“Weeds” as Soil Indicators
What Should I Do?
by Phil Williams
The types of “weeds” that grow seemingly spontaneously in your garden are telling you valuable information about your soil and microclimate if you care to listen. There are certain “weeds” that appear when the soil has been degraded to rehabilitate the soil back to life, or simply as a protectant cover when we leave the soil bare, and open to the elements. These unappreciated plants do all the hard work to make their home eventually no longer suitable for themselves. To add insult to injury we call these plants weeds, and pull, spray, and curse them. Many times they are doing something good.
If you have hard compacted soil, expect “weeds” with strong taproots to show up to bust up the compaction. Weeds like dandelions, plantain, and chicory.
If you have a wet area that is not draining well, expect plants that like those conditions like sedges and goldenrod.
If your soil pH is acidic, plants like mullein, sorrel, dock, dandelion, plantain, and wild strawberry thrive. If your soil pH is alkaline, plants like salad burnet, goosefoot, wild carrot, and true chamomile thrive.
If your soil is fertile, plants like lambsquarters, chickweed, henbit, chicory, and purslane thrive. These plants are favorites amongst chickens. If you are able to move them around, their own fertility will help to grow the plants they like to eat.
A Young Purslane Plant
If your soil is infertile, plants like wild radish, wild carrot, parsnip, clovers, mugwort, and daisies will thrive.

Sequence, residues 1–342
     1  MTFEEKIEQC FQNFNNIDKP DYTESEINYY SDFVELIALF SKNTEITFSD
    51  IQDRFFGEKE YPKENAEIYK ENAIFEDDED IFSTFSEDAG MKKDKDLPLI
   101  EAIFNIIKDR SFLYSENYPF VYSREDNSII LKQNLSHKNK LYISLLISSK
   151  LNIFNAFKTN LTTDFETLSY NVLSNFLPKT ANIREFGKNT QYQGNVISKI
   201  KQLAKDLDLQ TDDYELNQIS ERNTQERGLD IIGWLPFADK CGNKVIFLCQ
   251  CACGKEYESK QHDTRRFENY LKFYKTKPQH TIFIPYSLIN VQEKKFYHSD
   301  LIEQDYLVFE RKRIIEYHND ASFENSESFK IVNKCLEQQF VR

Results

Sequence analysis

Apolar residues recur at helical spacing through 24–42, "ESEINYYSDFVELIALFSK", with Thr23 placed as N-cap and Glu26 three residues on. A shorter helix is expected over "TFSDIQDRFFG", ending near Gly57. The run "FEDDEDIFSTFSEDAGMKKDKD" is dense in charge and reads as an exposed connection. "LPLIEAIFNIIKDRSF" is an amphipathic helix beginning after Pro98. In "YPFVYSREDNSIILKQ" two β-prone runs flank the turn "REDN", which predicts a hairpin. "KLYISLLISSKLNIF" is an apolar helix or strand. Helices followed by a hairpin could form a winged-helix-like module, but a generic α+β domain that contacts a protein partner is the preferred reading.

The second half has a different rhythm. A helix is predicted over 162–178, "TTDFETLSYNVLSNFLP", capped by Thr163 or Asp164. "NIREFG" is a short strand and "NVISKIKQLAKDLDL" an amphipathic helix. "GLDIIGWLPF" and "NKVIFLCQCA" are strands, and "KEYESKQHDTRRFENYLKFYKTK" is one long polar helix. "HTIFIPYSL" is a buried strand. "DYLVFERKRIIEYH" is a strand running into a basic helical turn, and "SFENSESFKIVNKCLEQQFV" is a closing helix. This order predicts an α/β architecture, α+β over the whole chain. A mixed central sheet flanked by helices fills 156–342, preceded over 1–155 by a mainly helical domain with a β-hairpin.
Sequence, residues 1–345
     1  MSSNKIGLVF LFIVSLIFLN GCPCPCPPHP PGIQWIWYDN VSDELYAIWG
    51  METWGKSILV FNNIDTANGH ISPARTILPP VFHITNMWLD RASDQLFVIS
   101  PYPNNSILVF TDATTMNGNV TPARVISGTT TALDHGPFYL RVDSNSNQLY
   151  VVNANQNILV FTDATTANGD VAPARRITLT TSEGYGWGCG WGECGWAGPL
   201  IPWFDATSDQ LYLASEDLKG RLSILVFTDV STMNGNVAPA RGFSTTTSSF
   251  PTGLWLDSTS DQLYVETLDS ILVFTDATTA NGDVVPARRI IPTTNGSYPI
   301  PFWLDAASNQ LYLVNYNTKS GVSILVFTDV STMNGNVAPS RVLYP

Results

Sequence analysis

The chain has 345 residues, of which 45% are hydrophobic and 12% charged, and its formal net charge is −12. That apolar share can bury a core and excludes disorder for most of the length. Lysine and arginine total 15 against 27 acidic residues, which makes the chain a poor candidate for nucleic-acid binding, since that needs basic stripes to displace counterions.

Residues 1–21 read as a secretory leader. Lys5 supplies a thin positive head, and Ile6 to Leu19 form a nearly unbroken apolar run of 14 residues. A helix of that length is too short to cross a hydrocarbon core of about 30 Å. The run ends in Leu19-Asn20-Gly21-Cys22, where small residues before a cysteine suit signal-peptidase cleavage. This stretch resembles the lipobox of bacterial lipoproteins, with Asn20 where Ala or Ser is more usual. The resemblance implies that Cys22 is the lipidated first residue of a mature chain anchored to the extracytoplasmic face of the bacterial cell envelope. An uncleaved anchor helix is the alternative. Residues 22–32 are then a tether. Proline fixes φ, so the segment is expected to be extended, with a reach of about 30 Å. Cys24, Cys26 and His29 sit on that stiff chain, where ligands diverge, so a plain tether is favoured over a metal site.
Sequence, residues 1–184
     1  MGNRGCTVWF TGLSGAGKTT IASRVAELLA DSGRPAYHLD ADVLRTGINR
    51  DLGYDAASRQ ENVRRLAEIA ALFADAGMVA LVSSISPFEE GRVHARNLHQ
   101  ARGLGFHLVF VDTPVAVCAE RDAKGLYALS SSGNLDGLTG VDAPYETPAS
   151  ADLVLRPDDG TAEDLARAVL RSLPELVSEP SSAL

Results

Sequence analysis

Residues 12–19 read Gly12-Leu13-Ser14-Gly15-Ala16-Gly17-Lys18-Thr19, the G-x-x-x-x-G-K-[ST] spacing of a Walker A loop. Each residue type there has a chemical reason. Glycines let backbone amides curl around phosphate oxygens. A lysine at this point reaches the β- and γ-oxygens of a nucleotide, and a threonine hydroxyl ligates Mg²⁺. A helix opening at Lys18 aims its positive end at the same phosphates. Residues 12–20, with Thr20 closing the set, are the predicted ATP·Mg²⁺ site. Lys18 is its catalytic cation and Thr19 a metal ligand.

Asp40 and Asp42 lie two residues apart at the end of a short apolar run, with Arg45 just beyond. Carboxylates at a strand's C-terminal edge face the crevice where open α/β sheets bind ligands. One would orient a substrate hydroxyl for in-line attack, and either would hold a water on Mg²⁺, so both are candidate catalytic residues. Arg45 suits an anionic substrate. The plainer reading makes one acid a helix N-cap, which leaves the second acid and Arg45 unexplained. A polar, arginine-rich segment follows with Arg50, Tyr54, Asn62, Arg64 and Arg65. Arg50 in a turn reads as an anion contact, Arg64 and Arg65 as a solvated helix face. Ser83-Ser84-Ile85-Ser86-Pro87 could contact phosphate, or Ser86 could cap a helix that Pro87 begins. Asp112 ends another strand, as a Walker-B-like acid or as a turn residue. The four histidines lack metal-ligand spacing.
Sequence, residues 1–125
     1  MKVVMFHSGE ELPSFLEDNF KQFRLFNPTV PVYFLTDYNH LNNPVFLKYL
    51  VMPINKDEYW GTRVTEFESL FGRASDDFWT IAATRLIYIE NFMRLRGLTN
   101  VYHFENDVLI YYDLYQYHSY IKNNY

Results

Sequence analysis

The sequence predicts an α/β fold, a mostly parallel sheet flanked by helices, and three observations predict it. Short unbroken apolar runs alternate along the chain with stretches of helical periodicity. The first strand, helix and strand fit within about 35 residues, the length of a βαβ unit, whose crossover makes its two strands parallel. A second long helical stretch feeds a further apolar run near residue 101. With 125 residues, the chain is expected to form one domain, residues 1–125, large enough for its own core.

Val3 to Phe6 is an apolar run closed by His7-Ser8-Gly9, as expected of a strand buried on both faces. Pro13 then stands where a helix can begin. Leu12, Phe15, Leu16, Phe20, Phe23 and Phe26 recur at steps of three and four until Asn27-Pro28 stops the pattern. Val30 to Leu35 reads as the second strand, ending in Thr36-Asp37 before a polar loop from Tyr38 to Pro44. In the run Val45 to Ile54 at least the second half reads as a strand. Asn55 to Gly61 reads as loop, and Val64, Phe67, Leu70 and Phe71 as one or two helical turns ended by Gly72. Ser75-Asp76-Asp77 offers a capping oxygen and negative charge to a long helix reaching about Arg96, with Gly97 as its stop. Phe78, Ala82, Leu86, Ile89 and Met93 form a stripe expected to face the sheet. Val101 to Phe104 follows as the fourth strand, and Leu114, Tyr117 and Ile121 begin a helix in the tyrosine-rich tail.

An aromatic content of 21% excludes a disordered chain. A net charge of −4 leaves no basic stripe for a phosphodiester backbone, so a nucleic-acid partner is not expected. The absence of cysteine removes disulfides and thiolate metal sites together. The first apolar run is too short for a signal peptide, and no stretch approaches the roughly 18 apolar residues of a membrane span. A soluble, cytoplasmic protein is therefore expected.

Dutch White Clover
If your soil is loose, you will tend to get “weeds” that have a fibrous root system.
These indicators can be used to your advantage. Maybe you notice that your soil is infertile. Beans and peas thrive in infertile soil. On the other hand if your soil is fertile, grow peppers, corn, and tomatoes that thrive in fertile conditions. If you have terrible problems with acid soil, grow tons of blueberries.
The important thing to understand is that if you leave an area uncovered or damaged, something will grow there to fix the damage. It is a good idea to choose wisely so you can put a beneficial element into your garden that is already adapted to the soil. If suited to the microclimate, this element will dominate the space, and keep the “weeds” at bay.
~ Phil Williams
. His website provides useful, timely information for the experienced or beginning gardener, landscaper, or permaculturalist. Phil’s personal goals are to build soil, restore and regenerate degraded landscapes, grow and raise an abundance of healthy food of great variety, design and install resilient permaculture gardens in the most efficient manner possible, and teach others along the way.